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Mike
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« on: December 08, 2014, 05:58:28 AM »

A couple of questions have come to mind upon my latest re-reading of “Clear the Bridge” by Richard O’Kane, and I thought I’d pose them to the group:

1.   “80/90. 80 percent load, 90 percent speed” (p.63) While I’m somewhat sure that this has something to do with the charging of the batteries, but I haven’t found specifics…

2.    “One bell landing” (p.353) I assume this means backing slow to kill any headway. In the context, it suggests mooring with the minimal amount of commands…

3.   “Port ahead two-thirds, starboard back two-thirds” (p.421) This would seem simple enough, and I completely see the intent to pivot the bow to starboard much like turning a tracked vehicle. The question is: how tight of a pivot is possible? Given the location of the screws, it would seem that turning 180 degrees inside of a ship’s length would be improbable. Sure, it would be better than relying on rudder alone, but seeing how the pivot point is so far aft, on a no-wind, no current day, the radius of turning would still be fairly large.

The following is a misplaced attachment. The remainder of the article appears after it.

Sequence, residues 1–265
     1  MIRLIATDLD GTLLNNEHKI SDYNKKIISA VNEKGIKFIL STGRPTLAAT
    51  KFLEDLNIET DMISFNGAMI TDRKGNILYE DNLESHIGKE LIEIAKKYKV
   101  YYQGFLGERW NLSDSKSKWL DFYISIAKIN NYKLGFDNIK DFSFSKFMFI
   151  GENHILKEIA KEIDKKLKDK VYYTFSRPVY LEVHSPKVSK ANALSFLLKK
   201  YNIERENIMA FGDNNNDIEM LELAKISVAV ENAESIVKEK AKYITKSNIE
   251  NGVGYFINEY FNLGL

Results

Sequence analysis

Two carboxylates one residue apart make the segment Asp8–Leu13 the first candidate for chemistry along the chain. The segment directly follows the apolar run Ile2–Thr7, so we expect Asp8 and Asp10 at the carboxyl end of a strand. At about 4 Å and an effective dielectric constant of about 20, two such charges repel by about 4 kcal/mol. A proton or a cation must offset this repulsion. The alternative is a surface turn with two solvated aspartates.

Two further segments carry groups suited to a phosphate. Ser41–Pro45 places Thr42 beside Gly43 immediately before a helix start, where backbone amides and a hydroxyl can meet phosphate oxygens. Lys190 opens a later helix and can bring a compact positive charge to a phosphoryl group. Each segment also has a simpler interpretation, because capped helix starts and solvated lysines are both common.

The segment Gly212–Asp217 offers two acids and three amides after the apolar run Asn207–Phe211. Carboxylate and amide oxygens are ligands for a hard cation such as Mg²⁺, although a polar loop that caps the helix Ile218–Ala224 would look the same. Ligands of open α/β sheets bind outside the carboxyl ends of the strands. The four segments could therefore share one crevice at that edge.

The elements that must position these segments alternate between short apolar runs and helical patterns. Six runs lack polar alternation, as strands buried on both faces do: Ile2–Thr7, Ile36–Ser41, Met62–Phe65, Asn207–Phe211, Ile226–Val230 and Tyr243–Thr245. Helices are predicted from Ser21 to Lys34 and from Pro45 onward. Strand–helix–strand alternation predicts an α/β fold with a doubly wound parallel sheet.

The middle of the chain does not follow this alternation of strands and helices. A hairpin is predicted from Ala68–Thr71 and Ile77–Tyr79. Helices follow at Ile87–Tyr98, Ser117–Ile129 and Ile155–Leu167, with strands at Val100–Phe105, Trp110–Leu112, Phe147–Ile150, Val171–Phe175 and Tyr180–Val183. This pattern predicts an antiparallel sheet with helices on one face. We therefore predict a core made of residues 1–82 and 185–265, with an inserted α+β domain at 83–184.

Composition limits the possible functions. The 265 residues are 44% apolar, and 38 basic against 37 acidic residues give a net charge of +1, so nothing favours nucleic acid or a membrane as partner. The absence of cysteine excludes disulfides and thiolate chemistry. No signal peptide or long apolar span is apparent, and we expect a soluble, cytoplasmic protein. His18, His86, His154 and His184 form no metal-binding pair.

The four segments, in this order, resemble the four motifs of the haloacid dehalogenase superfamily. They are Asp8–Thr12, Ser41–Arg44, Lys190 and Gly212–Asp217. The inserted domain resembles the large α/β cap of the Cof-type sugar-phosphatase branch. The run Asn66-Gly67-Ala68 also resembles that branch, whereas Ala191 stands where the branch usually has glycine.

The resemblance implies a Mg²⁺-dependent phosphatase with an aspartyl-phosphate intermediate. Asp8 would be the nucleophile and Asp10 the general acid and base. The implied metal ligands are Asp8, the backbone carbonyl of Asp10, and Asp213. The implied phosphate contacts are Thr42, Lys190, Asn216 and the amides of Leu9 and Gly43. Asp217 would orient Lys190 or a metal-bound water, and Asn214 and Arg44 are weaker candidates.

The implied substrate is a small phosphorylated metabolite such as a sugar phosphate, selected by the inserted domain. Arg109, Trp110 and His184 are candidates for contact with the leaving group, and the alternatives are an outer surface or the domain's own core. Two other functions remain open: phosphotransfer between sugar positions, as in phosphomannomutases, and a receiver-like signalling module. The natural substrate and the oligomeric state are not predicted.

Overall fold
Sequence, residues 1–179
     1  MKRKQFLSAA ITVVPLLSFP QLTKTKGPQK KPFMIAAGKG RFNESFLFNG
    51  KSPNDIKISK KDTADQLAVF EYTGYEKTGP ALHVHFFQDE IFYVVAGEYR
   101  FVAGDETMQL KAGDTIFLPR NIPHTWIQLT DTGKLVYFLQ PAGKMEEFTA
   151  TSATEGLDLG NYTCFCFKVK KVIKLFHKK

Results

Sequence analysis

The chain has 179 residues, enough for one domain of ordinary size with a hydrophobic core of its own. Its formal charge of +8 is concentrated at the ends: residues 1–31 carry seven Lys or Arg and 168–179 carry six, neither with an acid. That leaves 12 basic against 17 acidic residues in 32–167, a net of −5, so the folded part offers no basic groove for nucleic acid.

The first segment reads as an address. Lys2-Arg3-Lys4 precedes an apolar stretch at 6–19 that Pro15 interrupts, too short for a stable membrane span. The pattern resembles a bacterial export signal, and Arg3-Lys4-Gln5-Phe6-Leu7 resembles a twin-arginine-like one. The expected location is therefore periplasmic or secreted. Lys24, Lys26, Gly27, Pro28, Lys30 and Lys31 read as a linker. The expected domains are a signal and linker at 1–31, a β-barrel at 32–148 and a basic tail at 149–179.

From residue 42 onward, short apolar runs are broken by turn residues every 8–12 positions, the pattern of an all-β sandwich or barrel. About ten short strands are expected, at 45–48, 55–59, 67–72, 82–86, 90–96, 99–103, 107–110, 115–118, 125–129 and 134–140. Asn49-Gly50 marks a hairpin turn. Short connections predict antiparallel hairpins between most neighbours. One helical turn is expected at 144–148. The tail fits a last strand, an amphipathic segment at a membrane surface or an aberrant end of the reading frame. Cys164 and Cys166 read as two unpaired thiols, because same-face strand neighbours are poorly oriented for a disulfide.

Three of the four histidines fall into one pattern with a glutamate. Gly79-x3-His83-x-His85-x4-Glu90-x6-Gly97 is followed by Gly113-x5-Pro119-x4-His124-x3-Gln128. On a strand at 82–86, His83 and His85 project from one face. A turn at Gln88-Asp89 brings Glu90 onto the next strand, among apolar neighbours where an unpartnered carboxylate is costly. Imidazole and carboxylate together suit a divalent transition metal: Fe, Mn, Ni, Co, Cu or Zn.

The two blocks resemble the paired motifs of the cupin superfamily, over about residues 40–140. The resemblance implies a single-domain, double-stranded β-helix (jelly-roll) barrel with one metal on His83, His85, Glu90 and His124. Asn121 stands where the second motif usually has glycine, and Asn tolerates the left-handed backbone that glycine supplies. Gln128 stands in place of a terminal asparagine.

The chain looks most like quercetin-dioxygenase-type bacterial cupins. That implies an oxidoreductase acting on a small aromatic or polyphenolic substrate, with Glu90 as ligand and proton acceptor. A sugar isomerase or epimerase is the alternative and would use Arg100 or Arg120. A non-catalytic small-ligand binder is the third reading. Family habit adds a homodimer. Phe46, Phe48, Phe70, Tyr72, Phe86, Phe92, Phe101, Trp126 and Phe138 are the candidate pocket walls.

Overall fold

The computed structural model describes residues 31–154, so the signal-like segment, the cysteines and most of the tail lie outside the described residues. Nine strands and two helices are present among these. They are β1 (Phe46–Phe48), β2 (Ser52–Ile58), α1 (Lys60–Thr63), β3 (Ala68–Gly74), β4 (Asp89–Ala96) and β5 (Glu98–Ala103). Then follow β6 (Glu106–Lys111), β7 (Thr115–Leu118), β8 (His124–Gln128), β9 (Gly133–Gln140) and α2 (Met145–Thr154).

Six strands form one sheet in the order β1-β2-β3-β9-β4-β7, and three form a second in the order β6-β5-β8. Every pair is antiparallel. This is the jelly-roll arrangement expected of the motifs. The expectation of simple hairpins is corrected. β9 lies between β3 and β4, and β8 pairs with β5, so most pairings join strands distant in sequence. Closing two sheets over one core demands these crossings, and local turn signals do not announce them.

4.   One/two/three engine speed. I have yet to find any reference to exactly how many knots this was. Perhaps it is another way of saying “ahead one-third/two-thirds/full”?

Maybe I am over-thinking this a bit much, but I can easily foresee a time when I get asked that by the boy, so I figure I might head it off now and ask the resident subject matter experts. That, and it would clarify things a bit more to a non-submariner a bit…  Smiley

Mike
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"When you're holding people's attention, I feel you must give them high-quality ingredients. They deserve nothing but your best. And if they need information, get it, cross-check it, and try to be right. Do not waste their time; do not enjoy the ego trip of being onstage."

Henry Rollins
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